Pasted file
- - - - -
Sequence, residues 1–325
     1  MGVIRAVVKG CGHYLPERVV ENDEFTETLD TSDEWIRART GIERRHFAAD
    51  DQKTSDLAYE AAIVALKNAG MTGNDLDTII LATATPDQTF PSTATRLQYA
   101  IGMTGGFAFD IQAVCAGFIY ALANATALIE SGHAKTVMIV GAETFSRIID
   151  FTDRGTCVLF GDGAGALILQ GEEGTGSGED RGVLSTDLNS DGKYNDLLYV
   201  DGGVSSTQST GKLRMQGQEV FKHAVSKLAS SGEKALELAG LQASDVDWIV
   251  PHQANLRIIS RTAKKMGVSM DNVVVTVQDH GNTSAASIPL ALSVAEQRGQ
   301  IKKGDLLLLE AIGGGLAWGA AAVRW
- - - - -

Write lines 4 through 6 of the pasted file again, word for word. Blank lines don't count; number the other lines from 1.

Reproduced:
   101  IGMTGGFAFD IQAVCAGFIY ALANATALIE SGHAKTVMIV GAETFSRIID
   151  FTDRGTCVLF GDGAGALILQ GEEGTGSGED RGVLSTDLNS DGKYNDLLYV
   201  DGGVSSTQST GKLRMQGQEV FKHAVSKLAS SGEKALELAG LQASDVDWIV